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Computer-enhanced satellite imagery gives insurers a clear picture of what they're facing in the wake of last month's disaster

When floods ravaged Calgary last month Swiss Re, a reinsurance firm that works with Canadian insurers, turned to satellite imagery. The shift toward this technology gives the insurance industry a new tool in reducing vulnerability amid a rise in payouts tied to severe weather events.

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Advances in satellite image definition and computer processing power now enable insurers and re-insurers create more precise maps of flood, tornado and hail zones.

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Severe weather has been a growing concern for the insurance industry for many years, said Insurance Bureau of Canada spokesman Steve Kee. The frequency and severity of natural disasters has been on the rise in Canada, and Alberta has accounted for more disaster-related claims than any other province in recent years.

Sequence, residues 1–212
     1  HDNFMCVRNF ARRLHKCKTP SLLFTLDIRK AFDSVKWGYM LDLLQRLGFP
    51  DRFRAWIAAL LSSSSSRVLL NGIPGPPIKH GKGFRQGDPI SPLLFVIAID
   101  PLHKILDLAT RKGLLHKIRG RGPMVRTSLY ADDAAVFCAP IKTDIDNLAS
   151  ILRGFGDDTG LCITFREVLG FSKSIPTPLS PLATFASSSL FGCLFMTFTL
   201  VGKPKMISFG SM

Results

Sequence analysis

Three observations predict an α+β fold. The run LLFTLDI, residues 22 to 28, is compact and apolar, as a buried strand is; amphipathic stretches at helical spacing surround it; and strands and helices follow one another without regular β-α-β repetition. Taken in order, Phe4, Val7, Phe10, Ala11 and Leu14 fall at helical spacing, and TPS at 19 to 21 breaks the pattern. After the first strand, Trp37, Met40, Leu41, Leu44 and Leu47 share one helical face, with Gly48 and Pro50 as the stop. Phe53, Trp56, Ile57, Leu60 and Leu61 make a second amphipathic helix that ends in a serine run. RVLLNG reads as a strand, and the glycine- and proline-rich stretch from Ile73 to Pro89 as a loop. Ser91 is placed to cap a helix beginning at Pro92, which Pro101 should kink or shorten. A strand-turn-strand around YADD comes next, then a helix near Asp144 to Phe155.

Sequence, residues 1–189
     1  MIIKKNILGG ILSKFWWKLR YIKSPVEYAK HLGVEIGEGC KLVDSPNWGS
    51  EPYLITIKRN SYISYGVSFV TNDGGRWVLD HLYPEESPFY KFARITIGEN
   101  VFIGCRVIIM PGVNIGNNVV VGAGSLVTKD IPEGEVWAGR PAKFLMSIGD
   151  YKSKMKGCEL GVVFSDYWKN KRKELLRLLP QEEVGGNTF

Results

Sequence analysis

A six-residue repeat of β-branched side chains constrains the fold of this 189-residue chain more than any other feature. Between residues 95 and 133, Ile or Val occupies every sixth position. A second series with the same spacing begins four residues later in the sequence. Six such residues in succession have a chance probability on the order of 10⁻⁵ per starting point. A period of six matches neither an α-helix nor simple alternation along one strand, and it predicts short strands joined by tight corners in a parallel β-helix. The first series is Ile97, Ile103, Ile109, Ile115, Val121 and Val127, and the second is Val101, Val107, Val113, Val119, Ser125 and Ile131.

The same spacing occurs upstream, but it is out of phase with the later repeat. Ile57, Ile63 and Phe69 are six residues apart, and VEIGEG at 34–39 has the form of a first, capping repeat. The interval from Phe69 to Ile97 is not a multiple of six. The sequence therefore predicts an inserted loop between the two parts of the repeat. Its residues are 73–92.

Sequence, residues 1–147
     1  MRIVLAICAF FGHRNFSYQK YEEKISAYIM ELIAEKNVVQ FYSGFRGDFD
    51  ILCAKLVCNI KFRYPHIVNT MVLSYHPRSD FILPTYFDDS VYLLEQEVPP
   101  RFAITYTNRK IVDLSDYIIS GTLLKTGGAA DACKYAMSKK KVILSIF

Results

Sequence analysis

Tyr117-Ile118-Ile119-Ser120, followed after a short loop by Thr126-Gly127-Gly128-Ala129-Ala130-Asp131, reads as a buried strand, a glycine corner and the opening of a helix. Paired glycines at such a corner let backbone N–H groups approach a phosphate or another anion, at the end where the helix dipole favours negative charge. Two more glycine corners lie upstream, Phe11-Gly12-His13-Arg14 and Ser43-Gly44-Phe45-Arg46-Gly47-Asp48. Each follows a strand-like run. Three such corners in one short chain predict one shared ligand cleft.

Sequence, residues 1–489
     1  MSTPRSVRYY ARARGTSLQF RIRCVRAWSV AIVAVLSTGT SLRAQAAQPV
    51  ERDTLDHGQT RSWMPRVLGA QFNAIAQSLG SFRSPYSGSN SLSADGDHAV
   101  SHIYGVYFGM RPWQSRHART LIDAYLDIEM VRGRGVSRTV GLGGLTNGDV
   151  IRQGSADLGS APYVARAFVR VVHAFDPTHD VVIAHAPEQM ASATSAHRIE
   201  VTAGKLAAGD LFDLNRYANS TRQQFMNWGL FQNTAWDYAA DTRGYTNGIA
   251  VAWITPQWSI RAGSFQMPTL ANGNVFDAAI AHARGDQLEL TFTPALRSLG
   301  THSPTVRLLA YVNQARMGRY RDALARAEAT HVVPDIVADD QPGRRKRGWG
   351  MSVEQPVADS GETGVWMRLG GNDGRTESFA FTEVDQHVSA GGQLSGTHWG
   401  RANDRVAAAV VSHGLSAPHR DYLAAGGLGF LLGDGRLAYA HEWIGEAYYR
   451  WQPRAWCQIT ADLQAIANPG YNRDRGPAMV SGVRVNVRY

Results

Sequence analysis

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As satellite imagery better illuminates risk, insurance premiums are likely to rise, said Wayne Ross, vice president of national property claims at Aviva Canada Inc., the country’s second-largest personal and commercial insurer.

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The amount of severe weather claims insurers have covered increased tenfold in the last decade, with catastrophic losses costing more than $1-billion in both 2012 and 2011.

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Swiss Re deployed the system in Calgary during last month’s floods to provide images to its Canadian insurance partners, allowing them to see the extent of the flood damage and anticipate incoming claims. The Calgary deployment was the second on this scale following a similar response during floods that hit Central Europe earlier in June.

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